(In support) There needs to be meaningful accountability for the standards of care that these facilities are obligated to provide to their residents. There should be a system for rewarding assisted living facilities that do their job and do it well. There needs to be a discussion about quality so there are expectations about what the state is getting for its money.
There must be transparency for consumers. Currently, consumers only have access to marketing materials, but do not have any way to compare one facility to another to best determine the kinds of care they need. Consumers can currently use the Department of Social and Health Services (Department) website to look up site visits and citation reports for nursing homes and adult family homes, but not for assisted living facilities. It is important for consumers to have a tool to use when making decisions for themselves or loved ones.
Having parity in civil fine amounts across the spectrum of care settings is important. Residents have had issues with assisted living facilities that have gone unaddressed, including unmet dietary needs and stolen items. The current penalty for an assisted living facility violation is $100 regardless of the egregiousness of the offense. There should be something that is commensurate with the harm that has been done to the person. The current civil fine is so low that it is not a motivating factor for assisted living facilities to change and it is an insult to residents.
(Opposed) This legislation is premature since the assisted living facility workgroup has stated that it would be considering issues related to quality over the 2018 interim and this bill would preempt and supersede this process. It is not necessary to create and fund a new council to develop quality metrics when that work should start with the assisted living facility workgroup. This is putting an ambitious quality matrix in statute before the assisted living facility workgroup has an opportunity to discuss any meaningful details about the program.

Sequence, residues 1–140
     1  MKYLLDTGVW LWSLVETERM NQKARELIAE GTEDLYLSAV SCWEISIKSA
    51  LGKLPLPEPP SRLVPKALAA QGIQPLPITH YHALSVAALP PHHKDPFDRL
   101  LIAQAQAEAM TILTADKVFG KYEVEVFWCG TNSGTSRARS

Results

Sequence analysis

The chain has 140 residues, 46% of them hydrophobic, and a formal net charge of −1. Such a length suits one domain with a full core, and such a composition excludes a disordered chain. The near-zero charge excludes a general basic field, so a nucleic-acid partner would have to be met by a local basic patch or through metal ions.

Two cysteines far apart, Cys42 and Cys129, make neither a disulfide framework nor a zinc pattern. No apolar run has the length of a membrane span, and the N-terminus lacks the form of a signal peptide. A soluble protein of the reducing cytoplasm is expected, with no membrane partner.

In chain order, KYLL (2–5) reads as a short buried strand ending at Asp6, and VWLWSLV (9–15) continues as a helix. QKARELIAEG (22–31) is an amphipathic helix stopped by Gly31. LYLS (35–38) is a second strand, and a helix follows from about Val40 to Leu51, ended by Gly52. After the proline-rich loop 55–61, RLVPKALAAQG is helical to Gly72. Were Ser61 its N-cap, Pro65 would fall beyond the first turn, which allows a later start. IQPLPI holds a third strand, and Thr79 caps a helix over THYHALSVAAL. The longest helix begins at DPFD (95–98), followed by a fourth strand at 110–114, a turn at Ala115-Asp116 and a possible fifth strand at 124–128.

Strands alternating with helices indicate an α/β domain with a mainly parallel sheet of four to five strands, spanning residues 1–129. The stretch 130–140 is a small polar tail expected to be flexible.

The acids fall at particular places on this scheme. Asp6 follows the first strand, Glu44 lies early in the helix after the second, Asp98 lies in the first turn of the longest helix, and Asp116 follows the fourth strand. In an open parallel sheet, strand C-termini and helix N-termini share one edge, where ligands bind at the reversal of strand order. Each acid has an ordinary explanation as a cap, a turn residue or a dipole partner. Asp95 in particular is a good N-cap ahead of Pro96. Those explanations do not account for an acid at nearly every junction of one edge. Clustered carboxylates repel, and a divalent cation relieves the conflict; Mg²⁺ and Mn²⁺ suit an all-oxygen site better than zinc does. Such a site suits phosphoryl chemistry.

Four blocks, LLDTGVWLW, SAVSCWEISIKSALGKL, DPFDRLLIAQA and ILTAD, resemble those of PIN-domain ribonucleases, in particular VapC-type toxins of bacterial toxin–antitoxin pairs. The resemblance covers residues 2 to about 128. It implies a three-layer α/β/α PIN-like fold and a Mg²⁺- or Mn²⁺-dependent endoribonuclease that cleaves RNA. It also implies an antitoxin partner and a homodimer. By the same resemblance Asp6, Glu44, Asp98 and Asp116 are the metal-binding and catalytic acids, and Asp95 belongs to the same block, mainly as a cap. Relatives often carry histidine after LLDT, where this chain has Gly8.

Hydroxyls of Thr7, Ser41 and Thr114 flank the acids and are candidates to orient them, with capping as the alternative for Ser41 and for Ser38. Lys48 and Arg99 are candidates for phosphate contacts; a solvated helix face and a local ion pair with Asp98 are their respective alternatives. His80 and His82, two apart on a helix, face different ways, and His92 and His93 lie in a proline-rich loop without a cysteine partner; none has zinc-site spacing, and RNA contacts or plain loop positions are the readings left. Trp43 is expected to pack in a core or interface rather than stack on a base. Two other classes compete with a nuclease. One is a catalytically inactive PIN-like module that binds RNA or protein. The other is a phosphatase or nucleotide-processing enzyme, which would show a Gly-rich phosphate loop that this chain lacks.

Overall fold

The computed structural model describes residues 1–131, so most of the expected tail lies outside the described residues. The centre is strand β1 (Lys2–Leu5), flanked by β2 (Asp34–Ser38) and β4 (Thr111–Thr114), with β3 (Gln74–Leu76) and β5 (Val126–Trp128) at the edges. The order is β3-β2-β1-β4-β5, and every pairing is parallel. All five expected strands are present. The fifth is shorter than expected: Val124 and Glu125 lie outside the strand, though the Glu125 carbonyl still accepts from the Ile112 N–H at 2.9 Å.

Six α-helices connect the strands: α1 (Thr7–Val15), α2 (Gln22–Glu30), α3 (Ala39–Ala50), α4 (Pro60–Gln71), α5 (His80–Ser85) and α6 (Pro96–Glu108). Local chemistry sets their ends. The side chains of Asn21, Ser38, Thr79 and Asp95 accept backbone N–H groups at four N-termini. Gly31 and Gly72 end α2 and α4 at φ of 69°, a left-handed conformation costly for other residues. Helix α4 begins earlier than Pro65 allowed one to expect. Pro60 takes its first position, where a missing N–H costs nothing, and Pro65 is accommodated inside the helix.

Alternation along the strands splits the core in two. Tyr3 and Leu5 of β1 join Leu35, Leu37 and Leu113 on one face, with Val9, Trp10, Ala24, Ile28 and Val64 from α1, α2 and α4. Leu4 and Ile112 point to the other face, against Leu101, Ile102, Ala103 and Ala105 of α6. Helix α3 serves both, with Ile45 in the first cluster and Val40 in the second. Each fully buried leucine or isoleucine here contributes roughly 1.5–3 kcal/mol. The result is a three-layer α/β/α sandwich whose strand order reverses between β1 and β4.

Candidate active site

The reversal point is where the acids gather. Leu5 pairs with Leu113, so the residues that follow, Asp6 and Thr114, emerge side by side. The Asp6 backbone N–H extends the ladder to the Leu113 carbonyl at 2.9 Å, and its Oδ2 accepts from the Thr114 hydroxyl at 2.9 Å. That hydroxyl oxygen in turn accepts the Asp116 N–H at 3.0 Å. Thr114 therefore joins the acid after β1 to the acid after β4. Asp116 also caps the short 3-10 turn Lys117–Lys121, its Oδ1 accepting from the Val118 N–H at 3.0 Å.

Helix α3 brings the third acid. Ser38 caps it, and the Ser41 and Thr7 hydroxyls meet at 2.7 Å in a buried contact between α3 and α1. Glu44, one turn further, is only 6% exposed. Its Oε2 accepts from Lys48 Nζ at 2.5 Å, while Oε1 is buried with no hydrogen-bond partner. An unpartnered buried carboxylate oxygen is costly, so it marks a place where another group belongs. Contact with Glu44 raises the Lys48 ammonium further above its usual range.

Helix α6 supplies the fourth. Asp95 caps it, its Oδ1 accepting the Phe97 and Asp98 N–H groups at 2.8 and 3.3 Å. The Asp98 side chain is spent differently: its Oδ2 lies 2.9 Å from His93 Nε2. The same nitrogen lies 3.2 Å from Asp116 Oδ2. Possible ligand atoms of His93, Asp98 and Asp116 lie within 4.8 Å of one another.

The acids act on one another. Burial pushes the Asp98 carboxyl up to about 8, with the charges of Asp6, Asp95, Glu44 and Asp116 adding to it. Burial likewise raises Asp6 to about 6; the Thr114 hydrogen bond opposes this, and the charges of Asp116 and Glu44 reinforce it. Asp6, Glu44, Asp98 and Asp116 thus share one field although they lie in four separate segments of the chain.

Unlike the nursing facility quality incentive program, there are no established quality measures for use in assisted living facilities, so they would have to be created from scratch. Creating quality measures that are reliable and risk adjustable to the populations served would take a significant commitment of state resources and time to develop and implement. One set of quality measures may not apply to all assisted living facilities since they are unique in defining the scope of services that they provide. Until assisted living facility rates in Medicaid are vastly improved, any system that enhances payment to achieve quality could have a disparate impact on the facilities serving the lowest income populations. This could create a pay-for-quality program in assisted living that diverts general fund dollars away from facilities that have the greatest need for money while favoring those that have less need.
(Other) There is support for consistency across all facilities regulated by the Department. There is support for the quality care and quality metrics in the bill, but it will take time to develop that for assisted living facilities.
Persons Testifying: (In support) Representative Tharinger, prime sponsor; Ian Davros; Melanie Smith, Washington State Long-Term Care Ombuds; and Scott Sigmon, LeadingAge Washington.
(Opposed) Robin Dale, Washington Health Care Association.
(Other) Candance Goehring, Aging and Long-Term Care Administration.
Persons Signed In To Testify But Not Testifying: None.